NJ Beaches Reopen With New Coronavirus-Related Rules

Beachgoers will need to practice social distancing and limit time to allow for others.

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Several beaches in New Jersey followed through with their plans to reopen Friday, with new rules in place due to the coronavirus.

Visitors need to keep it moving, and not sunbathe or put down a beach chair. Swimming is still off limits. Fishing and surfing are permitted.

“We ask that you follow these temporary rules; unfortunately, if they are not followed, we will again close our beaches,” a joint letter from the mayors of Avalon and Stone Harbor reads. 

Ventnor also opened its beaches Friday with those restrictions in place. Beach patrols will be present to enforce the rules and make sure visitors are practicing social distancing.

Meanwhile, Cape May County leaders are asking New Jersey Gov. Phil Murphy to allow for reopening of all beaches June 1.

That’s just one part of a 35-page county plan to reopen safely. It also pleads for this to be done soon, though no sooner than June 1. Even the loss of the beginning of the tourist season is already showing its effects on local businesses, the document says.

“Each day that passes brings them closer to financial ruin,” it continues.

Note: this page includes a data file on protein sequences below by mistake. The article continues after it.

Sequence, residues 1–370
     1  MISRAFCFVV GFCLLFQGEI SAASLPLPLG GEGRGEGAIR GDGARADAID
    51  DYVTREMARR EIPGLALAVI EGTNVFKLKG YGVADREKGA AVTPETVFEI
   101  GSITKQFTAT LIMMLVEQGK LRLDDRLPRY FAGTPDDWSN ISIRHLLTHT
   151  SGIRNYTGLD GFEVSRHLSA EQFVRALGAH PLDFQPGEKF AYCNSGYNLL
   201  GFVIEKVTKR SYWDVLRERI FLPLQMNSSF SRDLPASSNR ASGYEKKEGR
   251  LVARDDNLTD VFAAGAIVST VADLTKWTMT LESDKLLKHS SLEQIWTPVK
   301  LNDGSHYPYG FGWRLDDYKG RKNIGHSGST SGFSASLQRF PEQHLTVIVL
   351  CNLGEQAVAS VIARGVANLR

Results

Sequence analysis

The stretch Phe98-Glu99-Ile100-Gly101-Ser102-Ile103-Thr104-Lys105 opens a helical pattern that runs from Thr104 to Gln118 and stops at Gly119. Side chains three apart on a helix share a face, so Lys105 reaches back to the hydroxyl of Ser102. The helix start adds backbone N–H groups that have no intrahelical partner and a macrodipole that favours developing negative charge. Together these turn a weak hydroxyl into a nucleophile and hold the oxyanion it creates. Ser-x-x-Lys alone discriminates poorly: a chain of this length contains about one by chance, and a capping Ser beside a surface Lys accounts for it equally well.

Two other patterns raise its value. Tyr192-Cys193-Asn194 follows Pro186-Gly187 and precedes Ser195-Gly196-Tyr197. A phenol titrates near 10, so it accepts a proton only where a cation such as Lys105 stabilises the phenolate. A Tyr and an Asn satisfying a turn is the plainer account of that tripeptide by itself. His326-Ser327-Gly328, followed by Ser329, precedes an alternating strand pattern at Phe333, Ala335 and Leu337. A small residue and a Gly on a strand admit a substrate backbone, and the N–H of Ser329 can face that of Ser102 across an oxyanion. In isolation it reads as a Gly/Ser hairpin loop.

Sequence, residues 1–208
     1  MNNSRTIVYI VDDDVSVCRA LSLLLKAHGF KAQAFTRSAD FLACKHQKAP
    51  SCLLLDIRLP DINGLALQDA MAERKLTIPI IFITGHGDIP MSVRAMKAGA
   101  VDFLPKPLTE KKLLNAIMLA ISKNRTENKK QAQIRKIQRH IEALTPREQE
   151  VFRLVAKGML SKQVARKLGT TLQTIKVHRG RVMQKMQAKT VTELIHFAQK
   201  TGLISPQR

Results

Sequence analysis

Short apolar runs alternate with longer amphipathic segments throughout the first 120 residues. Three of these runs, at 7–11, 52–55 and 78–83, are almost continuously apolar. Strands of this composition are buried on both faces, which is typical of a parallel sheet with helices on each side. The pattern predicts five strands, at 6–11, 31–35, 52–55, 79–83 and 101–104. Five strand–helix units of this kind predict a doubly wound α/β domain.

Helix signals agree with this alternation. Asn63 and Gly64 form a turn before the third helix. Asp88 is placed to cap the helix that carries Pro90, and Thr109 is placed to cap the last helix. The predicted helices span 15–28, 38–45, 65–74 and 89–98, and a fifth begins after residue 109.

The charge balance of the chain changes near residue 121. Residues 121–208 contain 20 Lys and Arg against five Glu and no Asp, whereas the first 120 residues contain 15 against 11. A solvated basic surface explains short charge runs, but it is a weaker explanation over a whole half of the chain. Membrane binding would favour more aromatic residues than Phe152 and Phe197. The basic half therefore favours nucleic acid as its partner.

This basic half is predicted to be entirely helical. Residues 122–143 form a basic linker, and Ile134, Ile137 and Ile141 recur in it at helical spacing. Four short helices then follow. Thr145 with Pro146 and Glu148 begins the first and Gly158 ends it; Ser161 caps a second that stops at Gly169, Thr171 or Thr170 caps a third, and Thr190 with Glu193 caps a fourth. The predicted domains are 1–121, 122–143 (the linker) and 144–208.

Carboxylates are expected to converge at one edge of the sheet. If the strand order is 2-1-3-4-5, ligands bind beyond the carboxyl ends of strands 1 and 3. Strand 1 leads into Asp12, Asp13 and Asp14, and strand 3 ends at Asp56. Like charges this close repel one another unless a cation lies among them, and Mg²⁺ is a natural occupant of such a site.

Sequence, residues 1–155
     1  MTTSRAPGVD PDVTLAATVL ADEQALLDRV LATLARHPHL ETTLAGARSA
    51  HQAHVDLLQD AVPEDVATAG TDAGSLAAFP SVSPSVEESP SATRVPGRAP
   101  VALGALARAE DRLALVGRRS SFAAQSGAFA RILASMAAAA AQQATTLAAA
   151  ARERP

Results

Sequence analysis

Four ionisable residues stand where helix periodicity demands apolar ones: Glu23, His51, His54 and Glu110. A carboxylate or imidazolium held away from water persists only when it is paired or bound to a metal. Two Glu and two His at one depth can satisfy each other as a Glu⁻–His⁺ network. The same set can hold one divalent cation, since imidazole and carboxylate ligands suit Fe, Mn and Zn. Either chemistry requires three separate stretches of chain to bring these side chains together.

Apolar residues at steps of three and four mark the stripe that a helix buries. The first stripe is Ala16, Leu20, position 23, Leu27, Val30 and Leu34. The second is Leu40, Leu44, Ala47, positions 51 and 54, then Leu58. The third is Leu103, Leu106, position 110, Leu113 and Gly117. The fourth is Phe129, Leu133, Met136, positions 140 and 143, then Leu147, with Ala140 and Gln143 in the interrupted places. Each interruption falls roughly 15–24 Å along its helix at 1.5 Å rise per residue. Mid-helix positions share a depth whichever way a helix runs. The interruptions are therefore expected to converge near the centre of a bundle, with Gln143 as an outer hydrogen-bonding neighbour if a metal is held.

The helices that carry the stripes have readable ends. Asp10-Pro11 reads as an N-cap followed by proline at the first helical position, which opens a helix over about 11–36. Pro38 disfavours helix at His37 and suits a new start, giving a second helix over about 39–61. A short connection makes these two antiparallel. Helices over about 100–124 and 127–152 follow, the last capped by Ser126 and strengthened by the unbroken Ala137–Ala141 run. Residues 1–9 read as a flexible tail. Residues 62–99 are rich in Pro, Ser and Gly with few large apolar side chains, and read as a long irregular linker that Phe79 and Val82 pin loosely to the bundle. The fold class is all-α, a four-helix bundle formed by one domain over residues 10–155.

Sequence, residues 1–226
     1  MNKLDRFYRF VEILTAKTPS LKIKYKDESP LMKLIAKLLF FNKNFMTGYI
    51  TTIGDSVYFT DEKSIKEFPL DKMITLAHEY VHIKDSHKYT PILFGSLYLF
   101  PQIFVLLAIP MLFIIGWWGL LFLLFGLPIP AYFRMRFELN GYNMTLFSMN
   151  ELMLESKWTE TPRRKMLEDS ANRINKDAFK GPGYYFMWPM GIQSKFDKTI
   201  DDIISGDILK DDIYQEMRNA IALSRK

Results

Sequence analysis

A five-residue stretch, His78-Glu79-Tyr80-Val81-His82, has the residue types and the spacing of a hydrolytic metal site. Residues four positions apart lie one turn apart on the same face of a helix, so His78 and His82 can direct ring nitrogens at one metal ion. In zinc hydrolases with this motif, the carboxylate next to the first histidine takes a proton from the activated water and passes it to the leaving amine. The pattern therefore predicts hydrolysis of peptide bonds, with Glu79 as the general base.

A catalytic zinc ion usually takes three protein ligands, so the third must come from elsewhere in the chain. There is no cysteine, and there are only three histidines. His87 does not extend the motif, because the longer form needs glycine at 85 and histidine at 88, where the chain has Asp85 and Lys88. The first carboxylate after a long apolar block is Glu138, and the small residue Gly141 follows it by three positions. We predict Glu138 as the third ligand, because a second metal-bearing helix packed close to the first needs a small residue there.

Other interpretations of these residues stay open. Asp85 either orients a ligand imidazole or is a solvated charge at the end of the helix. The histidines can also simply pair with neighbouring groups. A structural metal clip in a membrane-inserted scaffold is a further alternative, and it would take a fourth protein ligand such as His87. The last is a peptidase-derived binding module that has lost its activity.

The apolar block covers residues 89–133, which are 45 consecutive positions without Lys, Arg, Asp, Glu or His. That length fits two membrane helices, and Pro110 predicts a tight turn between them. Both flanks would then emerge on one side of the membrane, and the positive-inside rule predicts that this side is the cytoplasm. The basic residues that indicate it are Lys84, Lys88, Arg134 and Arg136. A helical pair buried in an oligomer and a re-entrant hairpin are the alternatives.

The Wildwoods’ boardwalks also opened Friday, the first in the county to do so. The Cape May County plan would see all boardwalks in the county reopened with proper precautions.

Elsewhere in New Jersey, Island Beach State Park is open and most residents appeared to be following the guidelines well - staying six feet apart, and not lounging on blankets or in chairs. But Corson's Inlet State Park in Ocean City was closed after one day due to crowds, remaining open only for dropping off boats.

Governor Phil Murphy reopened New Jersey parks on Saturday a few weeks after closing them. However, state officials later announced that beach access at Corson’s Inlet State Park in Ocean City is prohibited until further notice NBC10’s Drew Smith has the details.

Murphy suggested in a state press conference that limiting parking might be an effective way to control the crowd sizes.

But at this time, Delaware’s beaches remain closed. The mayors of several Delaware beach towns sent a letter to Gov. John Carney outlining a plan to safely reopen, but nothing concrete is in place right now.

On Thursday, Maryland’s beaches will open for walking and exercise, Gov. Larry Hogan said in a statement. Ocean City, Maryland, had already announced its own plan to reopen the beaches starting this weekend.

Ocean City is close to the Delaware border and the southern Delaware beaches of Fenwick Island, South Bethany and Bethany Beach. And it's not terribly far from Dewey Beach and Rehoboth, all popular with tourists from the Philadelphia area.

However, a spokesman for Hogan confirmed to NBC10 that out of state travel to Maryland beaches would go against the statewide stay-at-home order.

Business owners on Delaware beaches have been hit hard by the financial impact of the coronavirus pandemic. NBC10’s Tim Furlong has the details.
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